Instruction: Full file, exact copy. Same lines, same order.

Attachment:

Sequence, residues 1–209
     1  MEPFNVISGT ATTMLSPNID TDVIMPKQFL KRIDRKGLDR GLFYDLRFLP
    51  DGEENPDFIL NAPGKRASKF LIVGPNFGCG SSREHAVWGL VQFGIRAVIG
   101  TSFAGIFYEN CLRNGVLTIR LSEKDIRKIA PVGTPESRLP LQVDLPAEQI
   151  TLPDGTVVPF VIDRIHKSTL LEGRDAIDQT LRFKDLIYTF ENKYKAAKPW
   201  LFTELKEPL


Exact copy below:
Sequence, residues 1–209
     1  MEPFNVISGT ATTMLSPNID TDVIMPKQFL KRIDRKGLDR GLFYDLRFLP
    51  DGEENPDFIL NAPGKRASKF LIVGPNFGCG SSREHAVWGL VQFGIRAVIG
   101  TSFAGIFYEN CLRNGVLTIR LSEKDIRKIA PVGTPESRLP LQVDLPAEQI
   151  TLPDGTVVPF VIDRIHKSTL LEGRDAIDQT LRFKDLIYTF ENKYKAAKPW
   201  LFTELKEPL